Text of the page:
An Iowa county auditor who questioned how the state was spending millions of dollars earmarked for election integrity is now pursuing the matter in court.
In July 2019, Linn County Auditor Joel Miller, a Democrat, filed a public-records request with Iowa Secretary of State Paul Pate, a Republican. Miller noted that in 2018 the state’s deputy commissioner of elections notified counties that plans were being made on how to spend $8 million updating Iowa’s voter registration system. More than $1 million of that funding was to be spent in the fiscal year that had just ended, Miller wrote.
“A full year has passed and we have no indication as to how that $1.05 million has been used,” Miller wrote. He asked for copies of all correspondence on the matter between Pate’s office, vendors and public officials.
After 10 days passed with no response from Pate’s office to the public-records request, Miller filed a complaint with the Iowa Voter Registration Commission, alleging Pate had “taken no action” to overhaul the system, arguing that the system was vulnerable to hackers, and that a staffer in Pate’s office had informed him the formal process of seeking bids had not ever been initiated.
As part of that complaint, Miller noted that in August 2018, Pate announced plans to enhance cybersecurity with a $4.8 million federal grant through the Help America Vote Act.
States utilizing grants of that type are required by law to establish an administrative complaint procedure, so that any complaints about election integrity can be addressed at a hearing.
Pate didn’t file a response to the complaint, but he did file a motion asking the commission to dismiss the matter, arguing Miller had failed to state a claim upon which relief could be granted.
The commission heard arguments on Pate’s motion and ultimately decided on a 2-1 vote to dismiss Miller’s complaint without a hearing.
Although there was no hearing on the substance of Miller’s claim, the commission stated the complaint amounted to “speculation, as opposed to fact,” and said “adequate technical security measures” exist to prevent hacking of the voter database.
Miller appealed the decision to Iowa District Court, arguing that the commission, rather than permitting Miller to present testimony and evidence to support his complaint, simply accepted “the unsubstantiated factual assertions” offered by Pate.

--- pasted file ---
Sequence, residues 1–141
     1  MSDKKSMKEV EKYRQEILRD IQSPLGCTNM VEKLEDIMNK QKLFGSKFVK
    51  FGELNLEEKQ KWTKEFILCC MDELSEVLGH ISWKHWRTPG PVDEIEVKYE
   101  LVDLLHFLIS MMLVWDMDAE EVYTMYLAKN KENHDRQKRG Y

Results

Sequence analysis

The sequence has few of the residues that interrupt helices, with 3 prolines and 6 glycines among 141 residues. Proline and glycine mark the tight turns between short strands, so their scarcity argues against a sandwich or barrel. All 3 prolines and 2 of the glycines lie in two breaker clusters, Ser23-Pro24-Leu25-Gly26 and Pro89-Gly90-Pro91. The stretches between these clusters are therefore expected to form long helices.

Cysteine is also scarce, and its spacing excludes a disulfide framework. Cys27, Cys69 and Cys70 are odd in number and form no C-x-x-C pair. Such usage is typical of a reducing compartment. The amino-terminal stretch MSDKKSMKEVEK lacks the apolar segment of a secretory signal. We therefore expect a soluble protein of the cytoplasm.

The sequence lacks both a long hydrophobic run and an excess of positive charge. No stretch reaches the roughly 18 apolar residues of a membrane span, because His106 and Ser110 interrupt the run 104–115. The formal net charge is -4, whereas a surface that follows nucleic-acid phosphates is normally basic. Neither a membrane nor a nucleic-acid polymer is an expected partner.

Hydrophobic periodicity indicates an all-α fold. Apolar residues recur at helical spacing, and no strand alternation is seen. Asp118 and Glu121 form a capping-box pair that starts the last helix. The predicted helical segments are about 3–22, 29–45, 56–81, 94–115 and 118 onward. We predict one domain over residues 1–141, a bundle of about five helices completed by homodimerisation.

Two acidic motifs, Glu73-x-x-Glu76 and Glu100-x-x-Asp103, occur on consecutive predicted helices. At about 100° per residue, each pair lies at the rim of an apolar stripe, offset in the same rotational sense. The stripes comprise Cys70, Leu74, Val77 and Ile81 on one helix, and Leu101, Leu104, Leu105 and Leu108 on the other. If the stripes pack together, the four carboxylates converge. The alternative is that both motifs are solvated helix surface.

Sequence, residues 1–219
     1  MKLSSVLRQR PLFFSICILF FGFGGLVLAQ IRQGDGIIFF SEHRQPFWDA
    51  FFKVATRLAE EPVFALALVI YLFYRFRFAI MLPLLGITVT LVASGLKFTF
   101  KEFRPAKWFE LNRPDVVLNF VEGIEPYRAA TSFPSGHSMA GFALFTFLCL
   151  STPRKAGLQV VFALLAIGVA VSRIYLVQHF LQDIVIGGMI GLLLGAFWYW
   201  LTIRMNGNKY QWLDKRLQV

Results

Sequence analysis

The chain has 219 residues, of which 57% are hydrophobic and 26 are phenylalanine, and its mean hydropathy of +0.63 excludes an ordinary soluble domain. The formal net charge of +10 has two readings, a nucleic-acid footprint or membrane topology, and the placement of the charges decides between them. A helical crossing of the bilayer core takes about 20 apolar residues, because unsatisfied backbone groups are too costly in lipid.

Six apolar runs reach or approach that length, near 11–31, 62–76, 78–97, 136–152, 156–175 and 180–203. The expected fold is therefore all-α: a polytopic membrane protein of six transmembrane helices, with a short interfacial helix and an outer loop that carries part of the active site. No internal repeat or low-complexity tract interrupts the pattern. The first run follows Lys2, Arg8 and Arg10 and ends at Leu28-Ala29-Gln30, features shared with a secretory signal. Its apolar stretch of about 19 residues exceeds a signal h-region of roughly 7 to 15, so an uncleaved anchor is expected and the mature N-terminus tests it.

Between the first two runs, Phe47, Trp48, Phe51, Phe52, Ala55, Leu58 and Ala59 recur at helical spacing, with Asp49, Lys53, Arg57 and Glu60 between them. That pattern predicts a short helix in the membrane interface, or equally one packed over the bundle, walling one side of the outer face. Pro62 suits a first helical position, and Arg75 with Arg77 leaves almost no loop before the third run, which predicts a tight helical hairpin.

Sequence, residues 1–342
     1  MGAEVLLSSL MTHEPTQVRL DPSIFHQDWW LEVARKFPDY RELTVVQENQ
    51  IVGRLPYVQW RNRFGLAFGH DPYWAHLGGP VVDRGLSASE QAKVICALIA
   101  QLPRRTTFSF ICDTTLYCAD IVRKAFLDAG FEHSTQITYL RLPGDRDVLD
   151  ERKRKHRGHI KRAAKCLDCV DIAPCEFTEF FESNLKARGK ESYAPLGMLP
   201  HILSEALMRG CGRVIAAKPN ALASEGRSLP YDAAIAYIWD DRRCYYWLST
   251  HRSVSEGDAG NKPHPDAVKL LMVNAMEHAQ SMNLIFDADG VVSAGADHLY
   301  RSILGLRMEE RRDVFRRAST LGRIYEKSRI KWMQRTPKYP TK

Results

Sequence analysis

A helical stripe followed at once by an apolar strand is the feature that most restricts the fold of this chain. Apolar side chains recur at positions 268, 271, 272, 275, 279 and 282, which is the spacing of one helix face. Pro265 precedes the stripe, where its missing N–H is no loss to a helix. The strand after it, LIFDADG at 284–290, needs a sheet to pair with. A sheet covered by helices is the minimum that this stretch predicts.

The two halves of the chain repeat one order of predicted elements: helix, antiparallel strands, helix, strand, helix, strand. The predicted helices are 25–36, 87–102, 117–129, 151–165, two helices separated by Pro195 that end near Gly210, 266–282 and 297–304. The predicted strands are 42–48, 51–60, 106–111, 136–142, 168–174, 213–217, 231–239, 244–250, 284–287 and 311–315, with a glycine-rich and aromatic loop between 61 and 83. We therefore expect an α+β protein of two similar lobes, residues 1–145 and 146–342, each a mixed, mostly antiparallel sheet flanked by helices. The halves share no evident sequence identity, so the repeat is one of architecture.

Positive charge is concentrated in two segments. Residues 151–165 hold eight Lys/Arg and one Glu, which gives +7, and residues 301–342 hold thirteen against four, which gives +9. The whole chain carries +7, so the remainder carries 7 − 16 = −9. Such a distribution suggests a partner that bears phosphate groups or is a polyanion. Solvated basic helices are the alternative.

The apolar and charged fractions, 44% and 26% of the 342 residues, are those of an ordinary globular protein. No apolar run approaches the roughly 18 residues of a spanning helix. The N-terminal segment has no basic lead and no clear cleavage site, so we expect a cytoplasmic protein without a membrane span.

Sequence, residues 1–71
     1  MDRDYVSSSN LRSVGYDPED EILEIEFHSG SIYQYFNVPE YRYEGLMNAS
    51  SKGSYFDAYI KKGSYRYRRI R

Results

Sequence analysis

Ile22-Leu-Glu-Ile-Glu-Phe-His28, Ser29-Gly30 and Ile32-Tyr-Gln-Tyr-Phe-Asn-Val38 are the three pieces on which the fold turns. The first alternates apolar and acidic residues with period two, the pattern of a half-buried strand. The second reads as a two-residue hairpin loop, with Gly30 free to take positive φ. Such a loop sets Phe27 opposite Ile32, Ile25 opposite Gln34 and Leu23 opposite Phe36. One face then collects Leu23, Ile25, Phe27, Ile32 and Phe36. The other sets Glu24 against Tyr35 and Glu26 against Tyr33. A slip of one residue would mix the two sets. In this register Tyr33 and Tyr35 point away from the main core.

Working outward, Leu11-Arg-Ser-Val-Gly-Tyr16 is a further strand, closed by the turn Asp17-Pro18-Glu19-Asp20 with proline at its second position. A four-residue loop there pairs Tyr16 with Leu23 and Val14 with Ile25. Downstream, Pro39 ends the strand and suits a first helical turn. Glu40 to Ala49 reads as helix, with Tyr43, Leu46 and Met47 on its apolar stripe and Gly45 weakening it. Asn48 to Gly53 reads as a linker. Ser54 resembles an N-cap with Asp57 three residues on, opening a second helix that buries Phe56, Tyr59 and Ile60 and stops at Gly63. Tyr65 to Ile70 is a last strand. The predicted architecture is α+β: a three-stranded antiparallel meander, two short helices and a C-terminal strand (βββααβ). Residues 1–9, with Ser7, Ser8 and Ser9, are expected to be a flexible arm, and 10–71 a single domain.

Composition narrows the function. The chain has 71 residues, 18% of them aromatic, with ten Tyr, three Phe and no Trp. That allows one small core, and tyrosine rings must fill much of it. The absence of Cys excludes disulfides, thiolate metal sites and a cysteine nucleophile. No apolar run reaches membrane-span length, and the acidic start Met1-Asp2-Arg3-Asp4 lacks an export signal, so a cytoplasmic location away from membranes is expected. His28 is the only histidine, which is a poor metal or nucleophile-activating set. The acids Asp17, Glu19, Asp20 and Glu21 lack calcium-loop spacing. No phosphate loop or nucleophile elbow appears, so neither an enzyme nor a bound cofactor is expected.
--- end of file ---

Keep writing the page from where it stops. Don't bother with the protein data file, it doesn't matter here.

Miller cited language in the federal law that says, “At the request of the complainant, there shall be a hearing on the record.” He argued the commission had violated federal law and its own rules, and asked the court to send the matter back to the commission for a contested case hearing.
The commission, represented by the office of Iowa Attorney General Tom Miller, argued that even if Joel Miller was entitled to a hearing of some kind, the motion-to-dismiss proceedings had met the definition of a “hearing.”
On July 10 of last year, the two sides argued their case before Judge David Porter, who never issued a decision in the matter.
Last month, attorneys for the state filed a motion asking the court to dismiss Joel Miller’s appeal, noting that in the seven months since oral arguments had been made, the 2020 elections had been held. That, the state argued, had rendered the issue moot.
In written briefs to the court, Joel Miller’s attorney, Jim Larew, argued otherwise. He said although the 2020 election was over, the question of whether the commission could dispose of complaints without a hearing was “a matter of public importance” since the problem was likely to reoccur.
On Friday, Judge Scott Rosenberg heard oral arguments from both attorneys.
“The passage of time just has simply rendered this case moot,” Assistant Attorney General David M. Ranscht told Rosenberg. “There is no relief that can be awarded prior to the 2020 election.”
Larew said federal law required the commission to hold a hearing and that the underlying issue in the case — whether “$4.8 million of federal taxpayer funds were, or were not, appropriately spent” — had not been rendered moot by the election.
At the conclusion of Friday’s 30-minute hearing, Rosenberg told the attorneys he “will get a ruling out as soon as I can.”
Last July, Joel Miller’s office mailed out absentee-ballot request forms to voters, angering Republicans. The Republican National Committee claimed the forms were illegal and demanded Pate order the forms to be declared invalid.
Pate sent out an emergency directive, specifying that no voter identification information could be pre-printed on the absentee-ballot request forms. Miller and auditors in Johnson and Woodbury counties had sent out the forms with information such as voters’ names, addresses and personal identification numbers.
Iowa judges later granted the RNC’s motion for a temporary injunction preventing auditors from from processing those request forms.